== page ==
Last month's editorial struck a deliberately sombre tone regarding the year ahead, coming as it did right at the time of the Paris shootings. Let us be a bit more upbeat this month, with two lead features now under our belt on how solicitors view the prospects for the profession in 2020 and beyond.
Having now surveyed the spread of practice from the sole practitioner to the multinational, it would be fair comment to suggest that those who take a positive attitude in identifying their future market and how to win business in it, and keep their business practices under review so they are run as efficiently as possible, stand a good chance of surviving and thriving, however the competitive picture develops.
Whether you believe that clients will still value face-to-face contact, or that online service will become the norm, there does appear to be a general recognition and belief that what clients will value above all else is advice, as opposed to information and options, and that such bespoke, personalised service, to whatever type of client it is offered, will remain something that the profession is better qualified to deliver than most other providers in the market.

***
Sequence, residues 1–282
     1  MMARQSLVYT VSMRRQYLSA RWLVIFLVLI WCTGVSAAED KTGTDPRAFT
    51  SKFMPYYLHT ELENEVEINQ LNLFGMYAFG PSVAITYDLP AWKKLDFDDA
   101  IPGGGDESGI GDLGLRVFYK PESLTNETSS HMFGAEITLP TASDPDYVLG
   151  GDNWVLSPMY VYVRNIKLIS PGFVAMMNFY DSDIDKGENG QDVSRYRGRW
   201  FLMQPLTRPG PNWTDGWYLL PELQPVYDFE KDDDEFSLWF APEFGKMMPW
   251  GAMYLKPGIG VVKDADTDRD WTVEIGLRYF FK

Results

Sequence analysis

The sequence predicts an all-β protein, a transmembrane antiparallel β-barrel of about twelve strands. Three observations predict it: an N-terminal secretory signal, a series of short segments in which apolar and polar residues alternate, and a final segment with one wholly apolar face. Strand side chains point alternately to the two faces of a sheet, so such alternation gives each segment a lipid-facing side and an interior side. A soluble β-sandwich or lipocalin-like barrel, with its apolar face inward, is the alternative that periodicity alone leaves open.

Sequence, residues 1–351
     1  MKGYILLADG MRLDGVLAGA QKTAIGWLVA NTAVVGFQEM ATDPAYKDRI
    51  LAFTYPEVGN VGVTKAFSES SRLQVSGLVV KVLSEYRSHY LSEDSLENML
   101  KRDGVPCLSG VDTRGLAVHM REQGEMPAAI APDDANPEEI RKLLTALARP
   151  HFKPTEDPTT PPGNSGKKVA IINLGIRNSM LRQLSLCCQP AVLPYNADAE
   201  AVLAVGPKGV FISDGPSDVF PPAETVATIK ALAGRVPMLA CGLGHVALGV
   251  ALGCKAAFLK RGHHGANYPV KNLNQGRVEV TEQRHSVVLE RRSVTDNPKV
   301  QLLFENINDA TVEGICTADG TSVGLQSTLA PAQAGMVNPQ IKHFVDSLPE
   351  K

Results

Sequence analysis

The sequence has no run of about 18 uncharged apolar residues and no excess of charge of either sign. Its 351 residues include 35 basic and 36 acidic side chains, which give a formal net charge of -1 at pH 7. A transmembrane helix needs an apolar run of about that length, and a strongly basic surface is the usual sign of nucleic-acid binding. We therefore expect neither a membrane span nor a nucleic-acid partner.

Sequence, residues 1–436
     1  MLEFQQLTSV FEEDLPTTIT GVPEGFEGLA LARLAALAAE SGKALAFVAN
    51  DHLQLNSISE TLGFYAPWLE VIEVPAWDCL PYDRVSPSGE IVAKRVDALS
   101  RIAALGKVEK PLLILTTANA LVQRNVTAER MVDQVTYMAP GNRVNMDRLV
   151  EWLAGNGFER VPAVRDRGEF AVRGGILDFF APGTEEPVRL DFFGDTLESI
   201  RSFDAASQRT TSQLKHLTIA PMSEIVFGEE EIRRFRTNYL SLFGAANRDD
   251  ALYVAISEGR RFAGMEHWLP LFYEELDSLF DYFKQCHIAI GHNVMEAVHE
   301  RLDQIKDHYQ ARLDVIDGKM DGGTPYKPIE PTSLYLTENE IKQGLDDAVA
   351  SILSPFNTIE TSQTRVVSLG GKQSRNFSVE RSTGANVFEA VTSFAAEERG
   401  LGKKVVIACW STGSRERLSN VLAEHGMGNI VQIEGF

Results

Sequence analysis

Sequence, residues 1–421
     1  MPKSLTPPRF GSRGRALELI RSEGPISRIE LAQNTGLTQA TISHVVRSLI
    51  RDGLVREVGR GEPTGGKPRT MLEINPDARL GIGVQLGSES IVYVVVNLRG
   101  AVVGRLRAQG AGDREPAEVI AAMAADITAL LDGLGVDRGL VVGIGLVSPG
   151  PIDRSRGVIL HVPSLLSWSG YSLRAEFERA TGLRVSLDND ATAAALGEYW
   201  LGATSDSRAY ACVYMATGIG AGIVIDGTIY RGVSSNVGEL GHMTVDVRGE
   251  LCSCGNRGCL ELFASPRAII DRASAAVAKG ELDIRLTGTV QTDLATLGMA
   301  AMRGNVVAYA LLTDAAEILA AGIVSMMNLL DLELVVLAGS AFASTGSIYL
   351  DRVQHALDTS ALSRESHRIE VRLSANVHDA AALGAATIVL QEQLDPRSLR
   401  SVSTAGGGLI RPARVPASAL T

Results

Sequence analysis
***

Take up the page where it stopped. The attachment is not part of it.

We should not overlook, however, the particular problems faced by criminal defence lawyers and those working in the social welfare sector, in its broad sense. Vulnerable to government policy shifts and public spending cuts, while at the same time facing (at least on the civil side) an increase in demand due to those same factors, they deserve the full and vocal support of the entire profession in standing up for the people they are attempting to help. As one of our other respondents put it, to fail those in our society who are most in need of legal provision would be a moral scandal, “and if we as a profession do not do something about it, the moral scandal will become ours”.
Another reason to be more cheerful is the fact that new traineeships were up by 11% last year, to a figure not far short of the number of students embarking on the Diploma. Probably there are still quite a number of graduates out there whose hopes of finding a training place have not yet been realised. But prospects certainly look brighter at present than for some years, and they should be encouraged to keep trying and not give up hope.